I’ve just finished another circle skirt made from an old duvet cover of mine. The duvet cover was not as old as the last one, but still had a copyright year of 1989 so it’s no spring chicken.
I used the same pattern from my previous skirt but had to do some tinkering to get enough material.
The previous duvet cover was made of a single piece of fabric with a repeating pattern throughout. This one was made of two pieces and the pattern was different on both sides. I should have taken photos of the original duvet cover so you can see what I’m whittering on about, but hopefully you’ll be able to match up my descriptions with the images above. Also, please ignore the fact I mixed up my left and right… I clearly wasn’t thinking straight that day.
I got around this by making the skirt out of 4 panels and 4 quarter panels (my pattern folded in half – ignoring the seam allowance – and then half again, plus additional seam allowance for the other side). This way I could keep seams on the sides for the pockets I would add, and keep a seperate seam to hold a zip. This did mean that I had more fabric that would need to be gathered down to fit the waist band, but I was happy with this compromise.
- Two panels from the front of the duvet cover
- Shaun and Wallace (F in the diagram)
- Gromit in a red airplane (B in the diagram)
- Two quarter panels from the pillow case
- Shaun (FL in the diagram)
- Gromit (FR in the diagram)
- Two panels from the back of the duvet cover (BL and BR in the diagram)
- Two quarter panels from the back of the duvet cover (L and R in the diagram)
A pocket would go along the seam between L and FL, and another would go along the seam of R and FR. The zip would go between the seams of L and BL.
I cut the same number of panels from a blue lining fabric. Learning from my previous project, I decided to treat the lining as a seperate skirt, joining them at the waistband and hem only. This made the hemming process extremely long and frustrating, but it was worth it and did allow me to finish the raw edges around the pockets and the zip more easily and successfully.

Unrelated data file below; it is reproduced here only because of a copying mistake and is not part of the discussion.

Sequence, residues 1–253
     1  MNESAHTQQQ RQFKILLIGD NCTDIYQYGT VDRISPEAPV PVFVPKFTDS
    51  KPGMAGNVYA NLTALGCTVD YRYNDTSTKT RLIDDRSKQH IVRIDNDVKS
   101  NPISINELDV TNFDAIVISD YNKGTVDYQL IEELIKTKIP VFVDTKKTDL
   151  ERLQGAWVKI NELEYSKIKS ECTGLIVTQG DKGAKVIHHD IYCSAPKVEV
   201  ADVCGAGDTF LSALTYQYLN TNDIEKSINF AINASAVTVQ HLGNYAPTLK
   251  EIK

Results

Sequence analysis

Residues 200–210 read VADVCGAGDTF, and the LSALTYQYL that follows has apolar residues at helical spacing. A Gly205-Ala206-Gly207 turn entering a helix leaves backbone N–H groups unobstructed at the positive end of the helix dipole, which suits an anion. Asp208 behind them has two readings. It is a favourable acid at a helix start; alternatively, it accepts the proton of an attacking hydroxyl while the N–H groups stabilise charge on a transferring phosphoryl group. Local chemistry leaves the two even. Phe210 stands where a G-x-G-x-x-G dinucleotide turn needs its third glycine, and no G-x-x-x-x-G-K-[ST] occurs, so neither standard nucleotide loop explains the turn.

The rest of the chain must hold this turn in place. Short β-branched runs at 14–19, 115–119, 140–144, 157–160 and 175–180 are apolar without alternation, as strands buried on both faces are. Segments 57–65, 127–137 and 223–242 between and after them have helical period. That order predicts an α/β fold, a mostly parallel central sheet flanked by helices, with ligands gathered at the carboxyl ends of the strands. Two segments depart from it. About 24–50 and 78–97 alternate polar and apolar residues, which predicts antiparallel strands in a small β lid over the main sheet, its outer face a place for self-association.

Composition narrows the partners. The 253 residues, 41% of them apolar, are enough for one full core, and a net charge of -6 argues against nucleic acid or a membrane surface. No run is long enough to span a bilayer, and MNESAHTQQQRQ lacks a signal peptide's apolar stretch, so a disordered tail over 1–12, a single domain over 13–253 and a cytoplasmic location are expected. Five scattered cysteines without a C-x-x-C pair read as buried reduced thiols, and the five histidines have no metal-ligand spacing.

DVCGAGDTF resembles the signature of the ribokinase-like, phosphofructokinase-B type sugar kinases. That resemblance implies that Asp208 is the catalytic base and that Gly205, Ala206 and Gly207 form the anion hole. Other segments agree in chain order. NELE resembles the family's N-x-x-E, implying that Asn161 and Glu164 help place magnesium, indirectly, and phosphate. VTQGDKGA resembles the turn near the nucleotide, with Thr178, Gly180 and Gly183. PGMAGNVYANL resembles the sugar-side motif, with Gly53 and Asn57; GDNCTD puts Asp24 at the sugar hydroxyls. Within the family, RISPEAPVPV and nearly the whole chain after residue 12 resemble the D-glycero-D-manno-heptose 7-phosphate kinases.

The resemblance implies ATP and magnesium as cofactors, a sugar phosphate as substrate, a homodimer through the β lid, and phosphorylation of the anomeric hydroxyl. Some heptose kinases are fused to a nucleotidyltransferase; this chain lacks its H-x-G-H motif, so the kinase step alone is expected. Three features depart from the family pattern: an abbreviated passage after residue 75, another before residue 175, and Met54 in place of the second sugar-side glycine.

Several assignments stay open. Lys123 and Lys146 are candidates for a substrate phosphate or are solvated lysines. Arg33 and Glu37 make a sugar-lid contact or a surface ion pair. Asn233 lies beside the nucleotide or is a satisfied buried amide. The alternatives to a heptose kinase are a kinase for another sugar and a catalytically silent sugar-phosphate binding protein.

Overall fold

To reduce width to bring the waist back down to my measurements (76cm) I pleated the back panel using knife pleats – three facing left and three facing right. They are 1cm wide, 3cm in total for the full width, taking out 12cm of width from the waistline – only a tiny bit less than I needed (12.1cm).
You can see my efforts to work out how much I needed to reduce the waist by and how wide the pleats should be in the calculations image above. Not entirely accurate but it worked out nicely.
Things to Improve
The waistband is a little thin at the top and this shows the interfacing and makes it roll and bend. To fix this I need to use a lining as I did before to thicken the waistband and disguise the interfacing, and also to trim the raw edges that I hid inside the waistband so that the thickness is more even. I also think that it’s a little longer than my last waistband (possibly due to the fabric having stretched) so this skirt comes down a little lower on me, especially with the weight of the skirt.
The hem, though mostly nice, does occasionally show the lining fabric. It is decidedly difficult to match up two pieces of fabric with both a different thickness and stretch. I watched a video that mentioned a technique called flatlining so I might try that next time, though this does mean that my nicely finished pocket and zip edges would need to be done another way.
Things I Don’t Like
The lack of matching patterns is bugging me, but I think I can get over it because when I spin around while wearing the skirt it feels great and looks so beautiful!
The lining blue is the wrong tone but again, I can get over it – that’s just my inner perfectionist raising its voice.
Things I Like
So many tidy edges! Look at them all, all neatly tucked away and whip-stitched down. Beautiful.
It’s a really soft skirt, and as already mentioned, it spins real nice!
My next project will be a rectangle skirt.
I’ll be using some pig material that I bought ages ago but didn’t end up using.